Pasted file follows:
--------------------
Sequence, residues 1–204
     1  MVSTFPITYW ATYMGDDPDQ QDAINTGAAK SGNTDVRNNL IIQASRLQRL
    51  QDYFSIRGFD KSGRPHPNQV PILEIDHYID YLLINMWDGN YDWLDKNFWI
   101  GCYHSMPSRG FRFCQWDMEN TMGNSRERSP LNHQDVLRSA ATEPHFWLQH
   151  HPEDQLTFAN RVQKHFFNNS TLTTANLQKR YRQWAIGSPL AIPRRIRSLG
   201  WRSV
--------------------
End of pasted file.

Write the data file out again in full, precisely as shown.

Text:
Sequence, residues 1–204
     1  MVSTFPITYW ATYMGDDPDQ QDAINTGAAK SGNTDVRNNL IIQASRLQRL
    51  QDYFSIRGFD KSGRPHPNQV PILEIDHYID YLLINMWDGN YDWLDKNFWI
   101  GCYHSMPSRG FRFCQWDMEN TMGNSRERSP LNHQDVLRSA ATEPHFWLQH
   151  HPEDQLTFAN RVQKHFFNNS TLTTANLQKR YRQWAIGSPL AIPRRIRSLG
   201  WRSV